All those are diminished chord. Now, of course, you can look at these and say to myself, You just told me that diminished chord or dominant chord, but those chords are completely different, there is very little in common, okay, practically, only the root is in common and nothing else is.

So how are those chord the same? Oh, my friend, if you cannot see why they are the same is because to quote back from the future, you are not thinking for dimensionally. Let me show you what I mean. Let’s take as our example, the C major scale A, C, D, E, F, G, A, B, if I harmonize the scale, meaning if I write down the chords in the scale, we have C major, D minor, E minor, F major, G major, A minor and B diminished.

And those are just the triads. So the B diminished chord here is B, D, F, as we see we have default B, the minor third D, and the diminished fifth, F. But if instead of writing just the triad, I also write the seven chord containing the scale I have C major seven D minor, seven, E minor, seven, F major seven, G seven, a minor, seven and B half diminished, or B minor seven, flat five, however you want to write it.

Well, let’s now see what are the notes in the G seven chord here, which is the fifth chord of the key and it’s a dominant chord. Well, the notes in G seven or G, B, D, F, G, the root, the B, the major third, D, the fifth and f the minor seven, and as a go dominant chord should it contains the major third and the minor seventh.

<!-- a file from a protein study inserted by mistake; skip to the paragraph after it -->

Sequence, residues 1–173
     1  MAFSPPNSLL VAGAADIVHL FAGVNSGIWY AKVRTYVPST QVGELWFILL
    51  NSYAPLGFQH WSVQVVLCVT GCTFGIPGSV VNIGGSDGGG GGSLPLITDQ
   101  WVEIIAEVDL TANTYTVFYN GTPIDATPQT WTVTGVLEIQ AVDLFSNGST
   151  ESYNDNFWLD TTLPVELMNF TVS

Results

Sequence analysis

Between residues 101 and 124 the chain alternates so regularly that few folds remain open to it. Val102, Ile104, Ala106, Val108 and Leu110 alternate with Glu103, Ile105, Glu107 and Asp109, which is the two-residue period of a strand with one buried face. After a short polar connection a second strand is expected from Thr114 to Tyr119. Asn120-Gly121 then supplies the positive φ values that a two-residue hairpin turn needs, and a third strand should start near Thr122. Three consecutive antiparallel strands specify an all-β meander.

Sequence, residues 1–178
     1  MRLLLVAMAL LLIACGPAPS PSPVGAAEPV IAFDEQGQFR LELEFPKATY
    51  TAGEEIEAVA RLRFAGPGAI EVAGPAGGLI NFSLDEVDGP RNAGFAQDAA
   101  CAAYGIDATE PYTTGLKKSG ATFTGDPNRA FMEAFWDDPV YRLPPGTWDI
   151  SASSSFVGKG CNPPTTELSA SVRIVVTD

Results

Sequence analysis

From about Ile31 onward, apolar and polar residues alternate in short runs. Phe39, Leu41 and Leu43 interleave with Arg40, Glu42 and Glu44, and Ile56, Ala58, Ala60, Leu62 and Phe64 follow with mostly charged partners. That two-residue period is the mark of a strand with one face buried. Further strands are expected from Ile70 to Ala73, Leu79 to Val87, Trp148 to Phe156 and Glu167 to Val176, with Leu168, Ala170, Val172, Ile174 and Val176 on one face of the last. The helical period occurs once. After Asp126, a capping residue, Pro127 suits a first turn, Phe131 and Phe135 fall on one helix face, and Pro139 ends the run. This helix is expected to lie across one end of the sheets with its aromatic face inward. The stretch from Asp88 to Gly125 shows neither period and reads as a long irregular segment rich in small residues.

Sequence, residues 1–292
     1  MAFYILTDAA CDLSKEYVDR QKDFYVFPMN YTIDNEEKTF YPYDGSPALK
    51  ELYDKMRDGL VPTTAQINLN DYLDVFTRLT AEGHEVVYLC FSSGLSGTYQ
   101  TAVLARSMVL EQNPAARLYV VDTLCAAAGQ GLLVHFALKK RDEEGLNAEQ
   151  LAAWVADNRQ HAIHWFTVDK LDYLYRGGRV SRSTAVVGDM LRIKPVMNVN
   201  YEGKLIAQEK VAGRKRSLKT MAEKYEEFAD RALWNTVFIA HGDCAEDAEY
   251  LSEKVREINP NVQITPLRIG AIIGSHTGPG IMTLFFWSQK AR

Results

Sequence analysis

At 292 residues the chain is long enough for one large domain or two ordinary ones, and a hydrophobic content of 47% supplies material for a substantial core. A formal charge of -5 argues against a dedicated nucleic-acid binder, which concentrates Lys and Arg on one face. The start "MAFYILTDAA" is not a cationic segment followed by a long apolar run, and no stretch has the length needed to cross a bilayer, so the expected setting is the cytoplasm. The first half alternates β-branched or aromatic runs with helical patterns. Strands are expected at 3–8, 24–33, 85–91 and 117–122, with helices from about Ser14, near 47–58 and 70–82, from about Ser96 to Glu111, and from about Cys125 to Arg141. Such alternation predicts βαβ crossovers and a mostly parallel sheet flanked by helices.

But notice here how the diminished chord the B diminished chord, it’s literally the G seven without the root. And so what happens what we find out when you actually practice a little bit of music theory is that you can freely substitute one chord for the other whenever you have a g7 you can instead just play a B diminished triad and it will work perfectly in the the very symbol of the diminished chord which is this little circle here should tip us off these is not a little circle.